B.O.: How do you feel about things like Facebook and Twitter as they relate to modern writing careers? It’s become pretty critical for a writer to have a robust social media presence in order to look appealing to many publishers. Do you think this is a necessary evil? Does it allow more unknown talent to slip through the cracks? What are your thoughts on having to generate posts and status updates and photos and tweets in addition to the actual business of writing?
Stephen Graham Jones: From what I understand, yes, the publishers say they want you to have a social media platform, by which I think they just mean ‘outlet with two million subscribers’ or followers or friends or whatever. But I’m not for-sure that the data stacks up that being active on social media translates to book sales. Really, I think writers are just sitting here anyway, then we hit one of the ten thousand walls waiting for you in any project, and, instead of figuring a way around it, we tab over to social media, get to feel like we’re still making some sort of forward progress. Our fingers are moving, right? It feels like writing. I mean, I play on social media, but I don’t necessarily see it as career-oriented. It’s just that I don’t get out all that much, given my druthers. And the reason for that is probably that I still say things like ‘druthers.’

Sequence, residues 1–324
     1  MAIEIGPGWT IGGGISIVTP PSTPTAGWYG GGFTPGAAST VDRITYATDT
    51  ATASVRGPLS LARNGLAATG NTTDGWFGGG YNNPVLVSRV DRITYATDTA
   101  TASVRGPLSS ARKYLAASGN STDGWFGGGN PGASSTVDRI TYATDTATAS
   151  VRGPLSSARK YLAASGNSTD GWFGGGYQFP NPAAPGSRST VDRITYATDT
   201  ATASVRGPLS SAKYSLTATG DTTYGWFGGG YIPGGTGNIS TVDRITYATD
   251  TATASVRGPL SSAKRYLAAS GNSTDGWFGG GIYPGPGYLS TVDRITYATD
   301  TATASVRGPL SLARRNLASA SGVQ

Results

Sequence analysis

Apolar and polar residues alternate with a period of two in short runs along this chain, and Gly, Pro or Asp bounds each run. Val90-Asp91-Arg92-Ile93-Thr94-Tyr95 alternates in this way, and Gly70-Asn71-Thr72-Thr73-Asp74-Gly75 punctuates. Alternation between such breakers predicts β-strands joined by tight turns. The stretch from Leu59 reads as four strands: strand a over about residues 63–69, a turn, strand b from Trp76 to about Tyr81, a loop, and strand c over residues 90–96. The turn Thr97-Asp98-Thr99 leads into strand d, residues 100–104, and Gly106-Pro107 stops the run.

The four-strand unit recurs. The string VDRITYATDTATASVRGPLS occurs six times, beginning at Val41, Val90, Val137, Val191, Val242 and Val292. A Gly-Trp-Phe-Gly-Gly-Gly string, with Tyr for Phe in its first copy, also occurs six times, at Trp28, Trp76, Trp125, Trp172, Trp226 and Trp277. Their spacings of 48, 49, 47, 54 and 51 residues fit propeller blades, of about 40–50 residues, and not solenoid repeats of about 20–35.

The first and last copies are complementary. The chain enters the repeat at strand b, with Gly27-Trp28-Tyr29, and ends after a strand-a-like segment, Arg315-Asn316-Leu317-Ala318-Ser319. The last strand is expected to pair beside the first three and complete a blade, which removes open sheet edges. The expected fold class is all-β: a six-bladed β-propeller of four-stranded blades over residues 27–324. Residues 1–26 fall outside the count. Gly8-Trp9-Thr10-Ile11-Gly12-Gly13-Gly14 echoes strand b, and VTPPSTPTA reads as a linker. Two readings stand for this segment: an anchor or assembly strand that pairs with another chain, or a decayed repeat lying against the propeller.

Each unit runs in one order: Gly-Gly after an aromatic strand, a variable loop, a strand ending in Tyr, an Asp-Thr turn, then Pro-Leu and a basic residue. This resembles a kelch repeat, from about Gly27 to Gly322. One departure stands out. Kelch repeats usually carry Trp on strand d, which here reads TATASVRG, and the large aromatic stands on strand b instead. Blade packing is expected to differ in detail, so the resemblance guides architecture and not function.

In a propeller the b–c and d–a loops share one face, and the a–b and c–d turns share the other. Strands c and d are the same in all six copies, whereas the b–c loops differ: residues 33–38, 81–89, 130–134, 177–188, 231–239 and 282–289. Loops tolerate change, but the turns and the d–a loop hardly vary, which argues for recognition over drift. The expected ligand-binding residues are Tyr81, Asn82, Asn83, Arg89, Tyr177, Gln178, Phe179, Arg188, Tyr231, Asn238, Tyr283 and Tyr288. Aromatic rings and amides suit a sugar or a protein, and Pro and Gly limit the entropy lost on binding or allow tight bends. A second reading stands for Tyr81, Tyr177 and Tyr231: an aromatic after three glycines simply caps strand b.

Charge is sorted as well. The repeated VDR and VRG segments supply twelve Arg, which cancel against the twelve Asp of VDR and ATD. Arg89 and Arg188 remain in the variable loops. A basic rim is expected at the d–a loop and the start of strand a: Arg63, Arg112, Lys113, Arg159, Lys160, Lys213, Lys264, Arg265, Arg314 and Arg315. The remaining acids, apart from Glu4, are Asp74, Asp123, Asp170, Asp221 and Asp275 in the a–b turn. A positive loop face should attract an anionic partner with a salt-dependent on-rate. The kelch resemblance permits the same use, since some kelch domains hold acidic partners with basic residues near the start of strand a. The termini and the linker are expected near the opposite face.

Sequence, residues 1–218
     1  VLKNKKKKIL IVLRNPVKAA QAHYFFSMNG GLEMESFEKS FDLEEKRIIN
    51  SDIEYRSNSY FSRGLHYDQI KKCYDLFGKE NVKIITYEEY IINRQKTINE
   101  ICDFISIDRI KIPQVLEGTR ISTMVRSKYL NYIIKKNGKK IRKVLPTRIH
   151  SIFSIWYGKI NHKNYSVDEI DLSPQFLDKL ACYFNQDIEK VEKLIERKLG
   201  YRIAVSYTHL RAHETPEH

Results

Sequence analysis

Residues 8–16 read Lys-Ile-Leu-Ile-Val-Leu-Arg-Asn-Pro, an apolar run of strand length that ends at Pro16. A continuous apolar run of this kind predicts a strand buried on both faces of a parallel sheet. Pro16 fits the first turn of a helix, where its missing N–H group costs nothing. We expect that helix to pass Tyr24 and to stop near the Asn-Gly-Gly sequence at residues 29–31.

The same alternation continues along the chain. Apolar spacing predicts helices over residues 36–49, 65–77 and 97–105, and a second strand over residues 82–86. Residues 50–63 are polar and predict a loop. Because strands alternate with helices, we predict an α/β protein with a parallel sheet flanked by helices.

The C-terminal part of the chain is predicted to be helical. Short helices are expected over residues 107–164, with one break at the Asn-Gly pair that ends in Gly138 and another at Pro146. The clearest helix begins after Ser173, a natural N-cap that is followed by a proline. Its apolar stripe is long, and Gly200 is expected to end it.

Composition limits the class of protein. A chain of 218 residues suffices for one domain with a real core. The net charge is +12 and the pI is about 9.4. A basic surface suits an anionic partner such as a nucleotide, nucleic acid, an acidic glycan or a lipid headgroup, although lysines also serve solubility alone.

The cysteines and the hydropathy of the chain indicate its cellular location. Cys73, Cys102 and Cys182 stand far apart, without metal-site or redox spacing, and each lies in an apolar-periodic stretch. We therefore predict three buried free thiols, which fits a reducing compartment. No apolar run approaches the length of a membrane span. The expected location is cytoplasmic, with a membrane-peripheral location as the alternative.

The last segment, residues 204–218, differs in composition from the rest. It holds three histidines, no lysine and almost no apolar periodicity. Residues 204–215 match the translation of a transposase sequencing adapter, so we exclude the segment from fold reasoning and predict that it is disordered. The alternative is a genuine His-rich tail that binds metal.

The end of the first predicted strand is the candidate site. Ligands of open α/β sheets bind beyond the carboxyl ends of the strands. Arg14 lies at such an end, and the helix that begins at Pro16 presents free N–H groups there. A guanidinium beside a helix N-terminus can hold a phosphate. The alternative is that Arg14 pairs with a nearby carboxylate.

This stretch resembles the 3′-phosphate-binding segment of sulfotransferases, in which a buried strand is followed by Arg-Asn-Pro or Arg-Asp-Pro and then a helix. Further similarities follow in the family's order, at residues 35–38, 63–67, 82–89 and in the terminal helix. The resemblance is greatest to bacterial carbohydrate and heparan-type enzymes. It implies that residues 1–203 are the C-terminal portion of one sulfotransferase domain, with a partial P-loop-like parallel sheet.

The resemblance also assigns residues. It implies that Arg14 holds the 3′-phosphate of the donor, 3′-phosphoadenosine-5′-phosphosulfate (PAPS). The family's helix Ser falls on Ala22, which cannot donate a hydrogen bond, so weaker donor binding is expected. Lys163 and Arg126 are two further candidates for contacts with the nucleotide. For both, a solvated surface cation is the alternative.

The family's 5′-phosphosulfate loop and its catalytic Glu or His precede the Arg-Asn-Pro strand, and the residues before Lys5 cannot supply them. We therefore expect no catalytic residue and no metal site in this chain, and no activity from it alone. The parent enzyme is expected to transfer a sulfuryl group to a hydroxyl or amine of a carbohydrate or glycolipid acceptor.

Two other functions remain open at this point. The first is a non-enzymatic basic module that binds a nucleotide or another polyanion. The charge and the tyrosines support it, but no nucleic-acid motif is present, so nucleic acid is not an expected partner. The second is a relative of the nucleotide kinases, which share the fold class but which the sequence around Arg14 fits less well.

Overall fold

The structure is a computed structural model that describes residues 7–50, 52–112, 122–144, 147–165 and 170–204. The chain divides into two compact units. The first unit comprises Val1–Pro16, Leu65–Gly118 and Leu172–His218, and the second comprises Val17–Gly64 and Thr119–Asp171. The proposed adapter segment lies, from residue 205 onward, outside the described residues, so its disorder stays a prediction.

B.O.: I’ve been addicted to horror for almost thirty years. I’ve read hundreds of different authors and only a handful have stood out as blazingly original. Clive Barker and Joe R. Lansdale are two of my favorites because no one writes like they do. But your work immediately choke-slammed me to the floor. It’s truly something I’ve never experienced before. Your voice is unique, your style one of a kind. How in the hell do you do that? It takes a lot of work to stand out these days but you manage to make it sound effortless.
Stephen Graham Jones: Thanks. And . . . I don’t know? I just write. Sometimes I wish I could sound more like other people, writers I respect. But, really, I can only do what I can do, finally. And whatever I do, it’s just some mashup of all my education and all my reading and all my experiences and tastes and all of that. Same as it is for any of us. I never set out to stick to a certain voice or mode, though. If anything, I guess I try not to become a one-trick pony, just churning out the same stuff over and over. I mean, sure, we all only have a single or maybe, at most, two stories to tell. But it’s all about how you dress them up. I get mine out every day, dress them up in the most outlandish ways. And then some days they just stand there naked, staring at me. So, I don’t know: back where I started, I guess. I just write the only way I know to write. My plan is to someday be better at it, too. Every story, every novel, I’m trying.
Brent R. Oliver is an award-eligible horror author, commenter, and enthusiast living in Lexington, KY. His fiction and creative nonfiction
have appeared in numerous print and online publications to the delight
of literally tens of fans. Should such an office ever be created, he
would like to one day run for Horror Pope.